11/20/2013 03:18 pm ET Updated Dec 06, 2017

Coming Out (of My Closet)

I have a skeleton in my closet: everything is a mess. The closet -- not me.


Even though my home is clean, organized and functional and I am addicted to home-organizing television shows, clutter-conquering advice books (Peter Walsh) and magazine cover stories (ones that promise to make piles of stuff disappear in 5 minutes or less), I worry I'm on the road to Hoarder-dom. Scarves, shoes and socks mingle on the same shelves as purses and pants. Ever since I moved from NYC to the suburbs and my closet real estate increased, I've kept the door tightly closed worried that others would get the wrong idea about me as a parent or wife or boss if he or she glimpsed inside the unorganized space.

And even though I know where everything is and I take special pride in my vast accessories collection, I'm always striving for a perfectly organized, colored-coded, California-Closeted space. I'm hung up (unlike my skirts!) on why my twins' closets are the "AFTER" shot but my closet is a perpetual "BEFORE"...

So when Clinical Psychologist, author of You Are What You Wear and Closetologist, Dr. Jennifer Baumgartner agreed to give me some closet-therapy, I threw open the door and welcomed her inside. She promised to take a look at my closet and tell me what the space really says about me both in and out of the closet. Having worked in fashion and trained as a psychologist, Dr B. created the Psychology of Dress concept to explore the relationship between our internal and external lives and blogs about it over at Psychology Today.

Our appointment started with a photo shoot -- I spent a Friday afternoon in my closet paparazzi style -- taking photos that revealed my dirty little secret (along with a dirty pile of laundry).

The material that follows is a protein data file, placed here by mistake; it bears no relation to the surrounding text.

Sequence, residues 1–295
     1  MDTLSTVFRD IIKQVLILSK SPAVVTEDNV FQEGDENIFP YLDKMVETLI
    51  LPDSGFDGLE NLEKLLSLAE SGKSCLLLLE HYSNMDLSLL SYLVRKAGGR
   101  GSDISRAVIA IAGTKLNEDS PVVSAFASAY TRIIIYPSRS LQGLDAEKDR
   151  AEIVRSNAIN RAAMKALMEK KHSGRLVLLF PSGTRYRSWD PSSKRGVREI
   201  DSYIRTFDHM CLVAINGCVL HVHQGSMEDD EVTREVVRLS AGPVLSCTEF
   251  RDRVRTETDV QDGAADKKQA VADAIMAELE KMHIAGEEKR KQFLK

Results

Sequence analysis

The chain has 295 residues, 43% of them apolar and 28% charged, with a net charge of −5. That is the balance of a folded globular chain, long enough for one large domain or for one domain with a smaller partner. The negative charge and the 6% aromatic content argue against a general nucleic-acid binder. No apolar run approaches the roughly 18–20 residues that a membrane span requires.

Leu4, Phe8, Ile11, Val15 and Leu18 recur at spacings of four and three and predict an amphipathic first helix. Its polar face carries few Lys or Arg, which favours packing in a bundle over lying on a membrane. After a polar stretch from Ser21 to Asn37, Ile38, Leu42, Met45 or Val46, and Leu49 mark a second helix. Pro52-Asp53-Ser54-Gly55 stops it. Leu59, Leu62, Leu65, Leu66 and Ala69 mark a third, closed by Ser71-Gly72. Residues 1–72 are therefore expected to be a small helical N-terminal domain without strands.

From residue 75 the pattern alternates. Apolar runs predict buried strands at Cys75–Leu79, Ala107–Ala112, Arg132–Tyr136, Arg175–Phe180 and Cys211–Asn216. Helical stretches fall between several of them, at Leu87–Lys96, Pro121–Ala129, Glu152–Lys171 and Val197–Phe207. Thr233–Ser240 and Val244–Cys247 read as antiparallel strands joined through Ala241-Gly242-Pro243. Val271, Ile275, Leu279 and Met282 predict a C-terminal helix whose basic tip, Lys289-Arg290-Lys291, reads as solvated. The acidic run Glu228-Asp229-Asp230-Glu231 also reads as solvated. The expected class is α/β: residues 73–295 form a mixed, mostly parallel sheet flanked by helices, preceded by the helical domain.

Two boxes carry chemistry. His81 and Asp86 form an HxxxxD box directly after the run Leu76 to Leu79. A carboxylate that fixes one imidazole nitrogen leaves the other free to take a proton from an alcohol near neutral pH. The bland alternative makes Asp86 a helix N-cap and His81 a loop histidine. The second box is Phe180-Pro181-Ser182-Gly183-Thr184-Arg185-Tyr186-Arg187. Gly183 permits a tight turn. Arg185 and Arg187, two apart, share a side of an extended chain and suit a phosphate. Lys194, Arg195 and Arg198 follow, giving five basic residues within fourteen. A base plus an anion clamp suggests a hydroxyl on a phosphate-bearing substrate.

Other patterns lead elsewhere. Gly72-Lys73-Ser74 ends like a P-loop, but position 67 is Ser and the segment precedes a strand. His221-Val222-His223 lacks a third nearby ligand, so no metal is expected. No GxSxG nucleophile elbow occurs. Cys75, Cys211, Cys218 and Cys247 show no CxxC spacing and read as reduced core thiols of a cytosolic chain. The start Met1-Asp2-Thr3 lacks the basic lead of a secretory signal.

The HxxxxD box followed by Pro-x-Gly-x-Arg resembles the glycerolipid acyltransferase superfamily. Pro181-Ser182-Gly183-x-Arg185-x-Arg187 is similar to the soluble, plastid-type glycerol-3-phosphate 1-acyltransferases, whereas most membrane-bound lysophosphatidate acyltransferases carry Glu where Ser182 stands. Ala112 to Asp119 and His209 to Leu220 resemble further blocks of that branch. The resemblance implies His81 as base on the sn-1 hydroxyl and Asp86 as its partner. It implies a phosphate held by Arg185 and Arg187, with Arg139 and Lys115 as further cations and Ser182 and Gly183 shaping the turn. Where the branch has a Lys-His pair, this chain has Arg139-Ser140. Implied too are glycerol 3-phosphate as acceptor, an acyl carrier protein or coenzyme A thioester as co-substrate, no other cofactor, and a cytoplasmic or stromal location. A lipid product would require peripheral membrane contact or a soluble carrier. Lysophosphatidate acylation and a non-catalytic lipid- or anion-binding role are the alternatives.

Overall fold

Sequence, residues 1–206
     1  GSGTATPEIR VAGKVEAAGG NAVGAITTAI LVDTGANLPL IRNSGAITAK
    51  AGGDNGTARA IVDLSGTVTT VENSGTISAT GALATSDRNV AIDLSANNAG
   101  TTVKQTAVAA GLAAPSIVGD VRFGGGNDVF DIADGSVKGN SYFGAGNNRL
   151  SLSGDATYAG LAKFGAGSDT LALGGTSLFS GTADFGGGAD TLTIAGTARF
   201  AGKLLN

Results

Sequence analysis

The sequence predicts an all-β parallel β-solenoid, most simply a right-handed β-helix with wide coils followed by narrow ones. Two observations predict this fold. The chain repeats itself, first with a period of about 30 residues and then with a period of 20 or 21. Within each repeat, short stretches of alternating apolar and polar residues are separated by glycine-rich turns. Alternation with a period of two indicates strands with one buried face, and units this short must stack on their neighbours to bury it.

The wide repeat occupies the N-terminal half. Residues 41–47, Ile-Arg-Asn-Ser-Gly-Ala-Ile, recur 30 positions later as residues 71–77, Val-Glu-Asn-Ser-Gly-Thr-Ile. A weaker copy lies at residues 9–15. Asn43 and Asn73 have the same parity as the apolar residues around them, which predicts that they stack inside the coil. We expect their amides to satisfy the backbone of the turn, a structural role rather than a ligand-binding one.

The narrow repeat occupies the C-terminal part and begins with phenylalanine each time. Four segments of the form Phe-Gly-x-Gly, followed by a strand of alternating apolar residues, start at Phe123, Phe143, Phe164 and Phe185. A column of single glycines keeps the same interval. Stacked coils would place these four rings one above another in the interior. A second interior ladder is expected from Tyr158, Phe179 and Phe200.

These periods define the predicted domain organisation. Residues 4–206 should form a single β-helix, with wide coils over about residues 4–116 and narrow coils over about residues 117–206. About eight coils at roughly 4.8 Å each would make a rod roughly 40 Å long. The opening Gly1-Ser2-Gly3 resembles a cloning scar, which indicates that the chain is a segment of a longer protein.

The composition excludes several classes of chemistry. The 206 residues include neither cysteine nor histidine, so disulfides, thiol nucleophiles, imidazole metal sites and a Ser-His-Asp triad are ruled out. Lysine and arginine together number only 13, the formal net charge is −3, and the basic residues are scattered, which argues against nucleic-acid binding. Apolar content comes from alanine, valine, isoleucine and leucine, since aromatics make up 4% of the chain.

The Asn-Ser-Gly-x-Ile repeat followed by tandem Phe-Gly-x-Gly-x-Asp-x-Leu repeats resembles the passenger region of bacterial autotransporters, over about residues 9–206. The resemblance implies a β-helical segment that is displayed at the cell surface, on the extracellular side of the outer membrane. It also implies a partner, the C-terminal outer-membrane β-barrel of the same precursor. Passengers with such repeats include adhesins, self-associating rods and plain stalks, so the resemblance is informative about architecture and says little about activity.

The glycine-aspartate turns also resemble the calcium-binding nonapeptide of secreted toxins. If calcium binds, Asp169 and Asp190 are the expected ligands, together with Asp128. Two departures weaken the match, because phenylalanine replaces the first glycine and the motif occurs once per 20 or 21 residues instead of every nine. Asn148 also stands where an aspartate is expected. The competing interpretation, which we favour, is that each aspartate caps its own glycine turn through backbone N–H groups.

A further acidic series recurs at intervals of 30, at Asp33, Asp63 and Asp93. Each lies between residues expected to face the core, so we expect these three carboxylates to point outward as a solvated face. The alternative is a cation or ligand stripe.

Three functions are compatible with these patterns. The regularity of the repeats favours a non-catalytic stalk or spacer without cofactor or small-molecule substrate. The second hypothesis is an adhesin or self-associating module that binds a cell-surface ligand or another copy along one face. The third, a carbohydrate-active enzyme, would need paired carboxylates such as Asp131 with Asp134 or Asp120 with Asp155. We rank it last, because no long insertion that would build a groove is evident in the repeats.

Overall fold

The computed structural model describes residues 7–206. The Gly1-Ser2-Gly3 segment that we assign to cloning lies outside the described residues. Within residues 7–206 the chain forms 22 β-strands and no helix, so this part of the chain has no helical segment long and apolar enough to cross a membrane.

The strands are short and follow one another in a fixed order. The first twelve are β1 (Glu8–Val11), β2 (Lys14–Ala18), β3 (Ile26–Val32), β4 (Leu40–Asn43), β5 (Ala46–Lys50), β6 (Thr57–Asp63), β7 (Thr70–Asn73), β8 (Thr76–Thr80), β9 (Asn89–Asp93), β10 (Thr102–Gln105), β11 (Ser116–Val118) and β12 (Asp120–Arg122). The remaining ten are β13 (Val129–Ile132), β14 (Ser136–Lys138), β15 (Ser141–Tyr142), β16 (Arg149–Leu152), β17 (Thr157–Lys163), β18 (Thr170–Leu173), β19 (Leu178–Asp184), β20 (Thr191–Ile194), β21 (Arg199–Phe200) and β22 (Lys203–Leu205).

I was more than a little anxious to hear Dr. B's diagnosis. Would she call in the cast of Hoarders? Medicate me? Laugh? Or worst-case scenario: show up at my door with big black trash-bags?

Ultimately, my motivation to get rid of years of cumulative closet-anxiety gave me the courage to get my diagnosis.

To my utter surprise and delight, Dr. B didn't suggest a closet makeover, trash bags or an intervention. Instead her Psychology of Dress / Closet Diagnosis both liberated and relieved me. I'm what she calls a *Free-Styler: I express myself (with ease) based on the environment and mood, and I do what I love both inside and outside of the closet. (*All true.)

Best of all: my deep dark closet secret revealed an insight I didn't expect -- my system is my personal life-style paradigm: it may not look it, but I am super-organized (in my closet and in all other aspects of my life) but in my own way. "Free-stylers" like me tend to be more fluid and go with the flow both in and out of the closet. So true and spot-on (Shout not needed!) -- I really trust my instincts and go with my gut as an entrepreneur, special needs parent and individual.

I'm so thankful to finally come out of my closet, leave the door wide open, and invite folks inside! Now the only thing hanging over my head is my handbag collection!